Dividends and In the Wake of the Plague, part 2

Sometimes you can read reports or books for seemingly different reasons and they have a part of a chapter as background and it means something more than what the author had likely desired. Recently read a book called In the Wake of the Plague (about the Black Death) and how the world was changed written by Norman F Cantor, published by Simon & Schuster, NY, 2015. In the book, the focus is on what happened in England, but the reality of Europe was similar to matter where a person was.

90% of the wealth of England in 1340 lay in land. Of this land, 40% was owned by the king and royal family and the high aristocracy that usually carried the titles of duke, earl, baron or lord. Another 30% was held by ecclesiastical officers (the church) and corporations. About 30% was held by rural upper middle class who came to be called the gentry, the remaining 2% was in the hands of free peasants, later called yeomen.

In England, before the Black Death there was about 1/2 million people in the gentry class. In 1400 that number was half. The family income varied from the equivalent of $50,000 to $3 or 4 million. The lesser gentry was sometimes called esquires. About half the gentry were considered knights to be Sir … If a person was a Knight there were other duties such as increased military and tax liabilities, extra hospitality and entertainment budgets. If the King toured the country, he often stayed at Knights’s homes.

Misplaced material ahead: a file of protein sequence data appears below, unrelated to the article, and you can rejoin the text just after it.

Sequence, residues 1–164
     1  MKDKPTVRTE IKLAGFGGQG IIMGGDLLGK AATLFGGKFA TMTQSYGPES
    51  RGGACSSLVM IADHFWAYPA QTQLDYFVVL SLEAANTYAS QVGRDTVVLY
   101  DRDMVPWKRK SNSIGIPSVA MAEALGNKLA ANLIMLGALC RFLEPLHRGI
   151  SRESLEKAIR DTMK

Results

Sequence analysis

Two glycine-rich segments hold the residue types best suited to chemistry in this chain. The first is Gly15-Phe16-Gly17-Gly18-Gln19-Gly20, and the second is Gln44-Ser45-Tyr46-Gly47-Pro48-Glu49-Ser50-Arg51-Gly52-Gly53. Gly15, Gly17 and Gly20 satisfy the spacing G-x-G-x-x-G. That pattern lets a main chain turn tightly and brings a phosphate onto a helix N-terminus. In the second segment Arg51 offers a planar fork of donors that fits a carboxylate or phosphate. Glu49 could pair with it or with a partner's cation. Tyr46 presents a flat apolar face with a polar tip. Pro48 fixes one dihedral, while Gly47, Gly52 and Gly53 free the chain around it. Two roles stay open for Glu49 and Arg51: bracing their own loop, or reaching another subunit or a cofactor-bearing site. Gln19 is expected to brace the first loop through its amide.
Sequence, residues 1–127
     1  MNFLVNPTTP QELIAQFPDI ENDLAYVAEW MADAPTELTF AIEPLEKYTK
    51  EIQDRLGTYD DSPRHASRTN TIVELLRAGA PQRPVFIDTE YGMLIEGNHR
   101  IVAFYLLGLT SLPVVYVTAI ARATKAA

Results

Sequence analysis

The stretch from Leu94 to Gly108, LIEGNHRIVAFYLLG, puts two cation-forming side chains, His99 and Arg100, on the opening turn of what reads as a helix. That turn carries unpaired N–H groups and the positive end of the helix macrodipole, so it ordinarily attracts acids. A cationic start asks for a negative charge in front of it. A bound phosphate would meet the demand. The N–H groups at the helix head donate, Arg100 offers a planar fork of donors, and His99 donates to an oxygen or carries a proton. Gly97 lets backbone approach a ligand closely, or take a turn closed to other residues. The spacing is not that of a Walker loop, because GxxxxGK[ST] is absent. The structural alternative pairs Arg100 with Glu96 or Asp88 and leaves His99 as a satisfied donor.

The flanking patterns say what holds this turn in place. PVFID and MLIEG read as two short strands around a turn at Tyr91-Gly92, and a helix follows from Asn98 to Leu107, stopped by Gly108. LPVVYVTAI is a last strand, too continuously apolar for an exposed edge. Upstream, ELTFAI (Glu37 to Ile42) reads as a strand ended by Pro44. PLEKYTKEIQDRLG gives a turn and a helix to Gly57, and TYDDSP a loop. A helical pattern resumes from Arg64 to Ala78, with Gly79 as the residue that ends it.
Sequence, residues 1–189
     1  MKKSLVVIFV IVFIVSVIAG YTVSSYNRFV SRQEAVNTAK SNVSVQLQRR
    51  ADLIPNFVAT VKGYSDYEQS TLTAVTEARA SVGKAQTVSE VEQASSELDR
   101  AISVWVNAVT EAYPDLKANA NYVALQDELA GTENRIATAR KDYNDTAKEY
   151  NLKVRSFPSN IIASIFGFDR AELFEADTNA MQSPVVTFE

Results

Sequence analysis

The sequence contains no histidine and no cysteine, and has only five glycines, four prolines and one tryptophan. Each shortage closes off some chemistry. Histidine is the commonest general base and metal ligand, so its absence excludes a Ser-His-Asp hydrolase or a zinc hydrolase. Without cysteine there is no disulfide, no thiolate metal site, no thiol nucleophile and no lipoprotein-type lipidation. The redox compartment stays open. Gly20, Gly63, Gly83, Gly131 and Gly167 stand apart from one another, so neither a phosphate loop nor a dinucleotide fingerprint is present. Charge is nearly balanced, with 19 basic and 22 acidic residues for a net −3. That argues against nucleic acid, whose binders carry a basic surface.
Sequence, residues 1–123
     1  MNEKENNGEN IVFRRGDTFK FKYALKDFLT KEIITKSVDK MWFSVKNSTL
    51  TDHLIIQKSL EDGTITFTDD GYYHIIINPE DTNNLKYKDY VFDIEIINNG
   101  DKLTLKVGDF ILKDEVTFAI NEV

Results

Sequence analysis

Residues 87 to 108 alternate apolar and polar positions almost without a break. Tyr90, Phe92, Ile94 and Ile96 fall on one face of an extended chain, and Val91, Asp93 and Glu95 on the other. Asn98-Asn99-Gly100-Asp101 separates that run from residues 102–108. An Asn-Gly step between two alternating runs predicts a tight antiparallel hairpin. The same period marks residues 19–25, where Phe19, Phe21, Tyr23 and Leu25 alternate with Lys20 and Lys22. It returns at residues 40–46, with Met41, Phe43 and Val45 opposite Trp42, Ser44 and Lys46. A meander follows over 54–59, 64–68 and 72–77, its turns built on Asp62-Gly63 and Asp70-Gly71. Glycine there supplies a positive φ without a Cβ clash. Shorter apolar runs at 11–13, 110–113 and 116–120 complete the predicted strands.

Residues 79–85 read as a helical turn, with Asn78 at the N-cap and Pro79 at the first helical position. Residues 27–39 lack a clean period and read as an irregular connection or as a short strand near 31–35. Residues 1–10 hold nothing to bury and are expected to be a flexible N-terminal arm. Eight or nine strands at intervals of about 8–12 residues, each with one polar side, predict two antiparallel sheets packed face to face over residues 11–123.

Marriage, the production of progeny (or male heirs) and inheritance were the core of gentry life. If the King favored the gentry family, he often added lands or income. In the country a person could increase the wealth by good estate management. In the gentry class and above, a good marriage is one in which the bride brought in a dowry to the new family. If the family was fortunate to have children to inherit the estates, it was possible for the estate to remain intact for centuries.

When the Black Death was over, many people died including those that would typically inherit the estates, this lead to many squabbles which meant send in the lawyers. One of the beneficiaries of the many deaths was the need for common lawyers to settle out the issues. The lawyers became so expert in doing the things that needed to be done that a body of real estate law was created and largely remains in tact today.

The other beneficiaries were the women of the gentry class. The common law had a procedure for protecting widows, partly because the gentry landlords engaged in serial marriages with wives who died like flies in childbirth and were often gone by 30 years of age. The law said every widow had a right to “dower” or 1/3 of the income of her husband’s estate until she died. Within 40 days of her husband’s demise, she was suppose to leave the family estate, but at least she had income to live off. With these rules or laws, people lived lives around and with them.

Linking to dividend paying stocks, the most important aspect is the stock continue to pay a dividend, then it can be spent, saved, buy more assets, go towards an inheritance and continue the family name, but it all starts with income on a continuing basis. It may not be overnight riches but it can be lasting and fulfill your and your families desires both in and out of the grave.

There are more questions than answers, till the next time – to raising questions.

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